In the World Economic Forum’s 2019 Global Risks Report, the three most likely things to affect world stability were extreme weather events, failure to adapt to climate change and natural disasters. Sustainability is top-of-mind across the world, and the new generation of architects is tackling the problem head on.
At home in Australia, there are a number of young and exciting firms grappling not only with the issue of sustainability, but accessibility and affordability, and seeking to remedy inequality through design.
We’ve selected three to keep an eye on over the coming months and years.
Founded in 2012, Melbourne-based multi-disciplinary firm Ha° is run by principal Nick Harding. The central ethos of Ha° is to create diverse projects that are ‘embraced by inhabitants’ and have a strong focus on community at the core of the design.
Harding believes that in order to create architecture that will benefit community, it’s first necessary to understand the contexts of the environment into which the project will fit - from its geography to its history or its socio-economic background.
In a 2018 interview, Harding noted his specific interest in projects that border public spaces (such as the street or public parks) as these provided an intersection where a private project could take on a public life through its interface with neighbouring construction, infrastructure and community.
With a number of notable projects completed, including Melbourne’s Leveson Street Residence, Ha° takes its community ethos to the next step by fostering collaboration amongst like-minded designers, architects and other specialists and through active research into emerging issues like the difficulties presented by a growing crossover between commercial and residential spaces in our urban environments.
Breakspear Architects is the brainchild of Director Toby Breakspear and is a diverse practice, branching across architecture, interiors, landscape, urban design and masterplanning. Breakspear’s projects aim to explore the “reciprocal relationships that emerge when architectural fundamentals are attuned to the surrounds in a rich ecology of life.”
Breakspear’s overriding approach continues the growing trend of emerging architects exploring ways to close the gap between architecture and nature in both residential and commercial contexts. Breakspear’s specific interest lies in merging the enduring Australian notion of the ‘bush’ within the confines of an increasingly urbanised and scale-driven society.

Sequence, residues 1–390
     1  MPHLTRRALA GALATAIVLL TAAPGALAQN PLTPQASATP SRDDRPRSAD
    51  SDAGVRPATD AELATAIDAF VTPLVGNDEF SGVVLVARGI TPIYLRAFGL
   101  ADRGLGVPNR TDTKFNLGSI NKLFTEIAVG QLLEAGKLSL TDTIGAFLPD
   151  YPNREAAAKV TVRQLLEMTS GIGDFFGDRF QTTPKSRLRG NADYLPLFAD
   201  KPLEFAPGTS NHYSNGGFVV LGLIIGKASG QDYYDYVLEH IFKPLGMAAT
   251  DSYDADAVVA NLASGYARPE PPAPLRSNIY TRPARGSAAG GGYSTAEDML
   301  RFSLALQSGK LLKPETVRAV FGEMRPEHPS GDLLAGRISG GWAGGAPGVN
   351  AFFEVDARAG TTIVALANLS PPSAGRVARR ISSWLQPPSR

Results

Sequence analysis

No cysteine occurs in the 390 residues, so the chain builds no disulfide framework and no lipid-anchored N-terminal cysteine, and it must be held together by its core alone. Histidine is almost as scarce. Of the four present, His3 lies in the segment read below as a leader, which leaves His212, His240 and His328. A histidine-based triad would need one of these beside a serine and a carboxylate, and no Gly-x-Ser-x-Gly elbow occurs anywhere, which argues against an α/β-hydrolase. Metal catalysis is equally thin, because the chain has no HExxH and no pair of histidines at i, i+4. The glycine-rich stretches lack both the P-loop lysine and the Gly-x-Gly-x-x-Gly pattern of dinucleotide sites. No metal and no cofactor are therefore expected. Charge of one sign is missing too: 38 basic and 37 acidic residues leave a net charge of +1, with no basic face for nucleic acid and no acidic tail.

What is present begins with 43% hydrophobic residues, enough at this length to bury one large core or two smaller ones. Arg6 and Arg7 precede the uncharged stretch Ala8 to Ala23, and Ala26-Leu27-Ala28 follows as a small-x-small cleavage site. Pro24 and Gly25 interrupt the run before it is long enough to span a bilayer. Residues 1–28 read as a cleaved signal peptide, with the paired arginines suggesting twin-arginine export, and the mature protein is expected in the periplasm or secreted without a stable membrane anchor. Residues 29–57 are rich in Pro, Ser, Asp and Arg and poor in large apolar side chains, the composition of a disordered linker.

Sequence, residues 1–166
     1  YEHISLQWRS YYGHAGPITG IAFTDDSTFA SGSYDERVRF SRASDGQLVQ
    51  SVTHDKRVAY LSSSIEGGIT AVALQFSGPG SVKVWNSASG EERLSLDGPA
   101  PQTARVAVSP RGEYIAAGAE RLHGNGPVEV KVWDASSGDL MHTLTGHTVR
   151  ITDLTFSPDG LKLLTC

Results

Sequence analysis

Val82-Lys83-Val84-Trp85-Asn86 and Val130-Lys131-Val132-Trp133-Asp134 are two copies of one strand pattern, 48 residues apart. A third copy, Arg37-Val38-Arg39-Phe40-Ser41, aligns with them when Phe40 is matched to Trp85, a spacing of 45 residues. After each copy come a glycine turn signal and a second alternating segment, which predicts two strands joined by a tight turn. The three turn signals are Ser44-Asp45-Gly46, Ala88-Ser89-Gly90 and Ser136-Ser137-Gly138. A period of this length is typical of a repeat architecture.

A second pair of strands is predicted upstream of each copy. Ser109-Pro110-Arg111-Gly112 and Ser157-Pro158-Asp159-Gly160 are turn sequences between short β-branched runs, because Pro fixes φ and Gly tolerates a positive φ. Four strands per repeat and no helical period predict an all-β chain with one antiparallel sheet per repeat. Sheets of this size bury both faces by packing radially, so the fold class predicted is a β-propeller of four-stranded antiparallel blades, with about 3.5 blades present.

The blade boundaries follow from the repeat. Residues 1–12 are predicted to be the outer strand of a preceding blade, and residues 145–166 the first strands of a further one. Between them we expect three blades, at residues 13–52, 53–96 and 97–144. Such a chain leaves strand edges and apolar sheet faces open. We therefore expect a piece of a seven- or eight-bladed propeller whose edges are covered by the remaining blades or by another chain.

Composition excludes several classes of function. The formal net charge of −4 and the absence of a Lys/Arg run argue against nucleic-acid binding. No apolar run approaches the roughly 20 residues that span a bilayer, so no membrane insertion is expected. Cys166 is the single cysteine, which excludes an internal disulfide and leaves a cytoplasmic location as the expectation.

In its relatively short lifespan, Breakspear has already racked up an impressive list of accolades - its art-cum-architecure installation Poly was installed at the Sherman Contemporary Art Foundation, its collaborative (with Kann Finch) design of oneA apartments in Sydney was awarded 1st place by City of Sydney for Design Excellence, and the new Echo Point Visitor Information Centre (yet to be constructed) is a shining example of flowing architecture that melds the Australian bush with its busy surroundings.
The Mill Design Studio
The Mill’s approach is probably best summed up in their own words - “We design single and multi-unit residential, commercial office, retail fit outs and government space planning with a specialised approach of passive, sustainable design.”
The practice is led by co-Directors Sarah Welsh (Director and Interior Designer) and Shannon Battison (Director and Architect). Battison was recognised as the 2018 ACT winner of Best Emerging Architect by the Australian Institute of Architects for her commitment and contribution to the industry in general and advocacy for causes such as affordable housing and gender equality.
The architecture side of the business focuses on environmentally complementary, sustainable design - a passion of Battison’s, who has gone on record about the need for Australian design that is better suited to our existing environments in order to maximise sustainability outcomes.
This is just a small sample of the growing crop of forward-thinking architects and designers in Australia. As the trend towards environmentally and socially-conscious design grows we will undoubtedly be hearing a lot more from these (and many other) businesses as they bring issues like sustainability, community and equality to the fore.